Brandon Kintzler, Ryan Madson, Sean Doolittle, Sammy Solis and Matt Grace once made up the team's relief staff in May. Between disabled-list periods for Kintzler and Madson, and Sammy Solis being sent down to Class AAA Syracuse, the staff took a beating in the month of June. 

Nats relievers aren't necessarily upset about overuse, but more so because of a lack of communication between player and manager. 

At times during the first half of the season, relief pitchers felt overworked and that their wishes were not being acknowledged nor granted by Martinez. 

Sean Doolittle was quick to point out that the addition of Kelvin Herrera, who joined the team on June 18, sparked a change in Martinez's approach. 

“Over the last maybe month or so, maybe since we got Herrera, he’s gone around to the relievers and been a lot more proactive with that communication,” Doolittle said.

On a more tricky note, trust has also been targeted as an area needing improvement. 

When a starter gets in a jam or doesn't seem like he is 100%, Martinez often calls on reinforcements to begin the warming up process. Guys have noticed a pattern in which relief pitchers who initially warm up are often not the ones who start the following inning.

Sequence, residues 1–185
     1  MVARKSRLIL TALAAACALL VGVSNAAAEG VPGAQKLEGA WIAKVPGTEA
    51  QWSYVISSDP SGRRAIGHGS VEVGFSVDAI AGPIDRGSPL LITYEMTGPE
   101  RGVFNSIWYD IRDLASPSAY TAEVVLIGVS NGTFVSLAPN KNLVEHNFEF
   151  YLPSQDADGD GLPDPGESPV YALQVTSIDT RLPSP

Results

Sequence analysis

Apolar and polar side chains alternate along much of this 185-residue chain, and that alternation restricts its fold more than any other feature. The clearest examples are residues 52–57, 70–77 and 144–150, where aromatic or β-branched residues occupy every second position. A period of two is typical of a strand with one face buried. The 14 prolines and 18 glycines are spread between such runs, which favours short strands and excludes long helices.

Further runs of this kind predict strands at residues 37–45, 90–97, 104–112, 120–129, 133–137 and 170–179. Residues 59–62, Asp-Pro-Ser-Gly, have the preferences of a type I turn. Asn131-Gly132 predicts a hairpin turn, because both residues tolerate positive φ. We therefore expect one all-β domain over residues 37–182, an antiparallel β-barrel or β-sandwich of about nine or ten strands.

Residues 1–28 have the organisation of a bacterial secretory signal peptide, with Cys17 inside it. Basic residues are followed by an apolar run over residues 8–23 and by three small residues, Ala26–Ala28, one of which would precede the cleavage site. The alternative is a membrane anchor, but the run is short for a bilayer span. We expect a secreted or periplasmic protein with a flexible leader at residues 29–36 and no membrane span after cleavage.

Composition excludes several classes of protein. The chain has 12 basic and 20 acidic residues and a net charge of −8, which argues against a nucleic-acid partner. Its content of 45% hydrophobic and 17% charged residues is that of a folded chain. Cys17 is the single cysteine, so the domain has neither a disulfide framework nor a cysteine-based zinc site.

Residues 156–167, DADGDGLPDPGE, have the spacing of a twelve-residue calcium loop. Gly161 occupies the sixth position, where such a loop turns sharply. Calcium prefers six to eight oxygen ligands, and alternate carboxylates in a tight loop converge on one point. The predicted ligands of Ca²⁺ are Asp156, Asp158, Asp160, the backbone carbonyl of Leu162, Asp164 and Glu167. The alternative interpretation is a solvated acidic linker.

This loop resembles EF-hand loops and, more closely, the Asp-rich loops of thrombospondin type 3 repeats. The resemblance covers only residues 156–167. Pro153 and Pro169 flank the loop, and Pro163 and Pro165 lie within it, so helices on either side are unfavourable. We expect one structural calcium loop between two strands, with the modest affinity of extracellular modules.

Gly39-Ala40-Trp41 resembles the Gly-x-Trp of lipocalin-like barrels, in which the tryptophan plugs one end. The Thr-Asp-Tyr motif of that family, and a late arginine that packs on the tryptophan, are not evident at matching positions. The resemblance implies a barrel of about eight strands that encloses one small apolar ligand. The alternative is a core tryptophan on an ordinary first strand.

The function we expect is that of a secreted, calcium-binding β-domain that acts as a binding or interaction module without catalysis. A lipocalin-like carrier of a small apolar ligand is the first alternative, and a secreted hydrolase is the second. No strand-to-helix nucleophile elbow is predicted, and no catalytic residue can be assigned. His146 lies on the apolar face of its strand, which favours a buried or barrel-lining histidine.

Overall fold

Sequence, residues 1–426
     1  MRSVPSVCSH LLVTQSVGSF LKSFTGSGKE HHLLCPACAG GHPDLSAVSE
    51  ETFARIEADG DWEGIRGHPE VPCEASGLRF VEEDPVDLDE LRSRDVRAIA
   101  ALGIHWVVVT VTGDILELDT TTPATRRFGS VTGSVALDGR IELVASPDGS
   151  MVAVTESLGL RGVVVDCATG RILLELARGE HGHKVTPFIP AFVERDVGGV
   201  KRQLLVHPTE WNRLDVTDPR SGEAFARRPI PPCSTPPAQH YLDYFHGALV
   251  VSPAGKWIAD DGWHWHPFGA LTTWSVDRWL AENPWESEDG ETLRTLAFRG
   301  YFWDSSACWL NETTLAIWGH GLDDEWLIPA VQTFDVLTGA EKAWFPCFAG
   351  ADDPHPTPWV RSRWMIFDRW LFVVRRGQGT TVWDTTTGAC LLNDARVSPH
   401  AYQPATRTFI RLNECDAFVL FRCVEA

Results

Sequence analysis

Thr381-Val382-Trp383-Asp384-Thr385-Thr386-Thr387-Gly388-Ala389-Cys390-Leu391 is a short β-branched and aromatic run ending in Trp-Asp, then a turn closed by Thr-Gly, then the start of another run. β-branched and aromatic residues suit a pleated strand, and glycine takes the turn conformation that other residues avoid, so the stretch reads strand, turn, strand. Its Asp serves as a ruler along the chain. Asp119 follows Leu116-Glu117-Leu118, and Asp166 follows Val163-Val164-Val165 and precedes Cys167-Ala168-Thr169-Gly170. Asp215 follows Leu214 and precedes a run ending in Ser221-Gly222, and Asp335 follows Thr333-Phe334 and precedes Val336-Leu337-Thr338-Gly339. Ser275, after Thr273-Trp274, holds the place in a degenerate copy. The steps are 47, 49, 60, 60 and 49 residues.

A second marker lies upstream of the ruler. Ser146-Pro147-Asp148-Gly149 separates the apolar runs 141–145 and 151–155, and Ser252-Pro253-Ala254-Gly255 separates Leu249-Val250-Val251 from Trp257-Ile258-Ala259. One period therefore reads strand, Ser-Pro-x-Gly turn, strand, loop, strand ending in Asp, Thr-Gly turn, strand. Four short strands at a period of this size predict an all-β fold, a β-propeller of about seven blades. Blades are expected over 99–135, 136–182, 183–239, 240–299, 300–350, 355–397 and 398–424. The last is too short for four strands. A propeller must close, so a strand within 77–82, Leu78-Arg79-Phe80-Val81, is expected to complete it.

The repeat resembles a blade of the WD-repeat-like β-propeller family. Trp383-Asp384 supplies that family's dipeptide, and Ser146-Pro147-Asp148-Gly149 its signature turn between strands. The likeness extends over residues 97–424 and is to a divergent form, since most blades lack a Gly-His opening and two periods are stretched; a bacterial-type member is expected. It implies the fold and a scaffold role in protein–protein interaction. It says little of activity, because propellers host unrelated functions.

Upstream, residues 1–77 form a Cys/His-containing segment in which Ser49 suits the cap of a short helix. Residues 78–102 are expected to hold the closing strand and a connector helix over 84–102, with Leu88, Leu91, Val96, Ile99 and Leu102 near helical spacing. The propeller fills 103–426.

From a relief pitcher's perspective, this is a sign of Martinez's distrust. Dramatic or not, there was a glaring disconnect throughout the first half of play. 

“With a veteran group, I think we all expect to come into a team and say we’ve all been there; we just want things to go boom, boom, boom and be a piece of cake. But we also all know it’s not like that,” Shawn Kelley said.

Handling his veteran rotation in the second half of the season should become easier for Martinez as Stephen Strasburg is expected to start Friday. The right-hander was placed on the disabled list June 10 with right shoulder inflammation. 

Strasburg pitched 5 2/3 innings in a rehab start for Class A Potomac on Sunday, allowing three runs while striking out seven and walking one. It was his second rehab start since going on the DL. He allowed one run in 3 1/3 innings for Potomac on July 11. Strasburg is 6-6 with a 3.46 ERA this season, striking out 

95 in 80 2/3 innings.

One thing that hasn't been criticized is Martinez's positive attitude. Players often rave about him as a person and how he brings a source of energy in the clubhouse. 

This was on full display during Monday night's Home Run Derby at Nationals Park. 

Moments after Bryce Harper won the Derby, Martinez was among the first to congratulate his All-Star slugger as he hoisted him in the air. 

As the second half of the season gets underway Friday, expect to see a manager who brings forth an openminded approach to his club while in pursuit of a deep October run.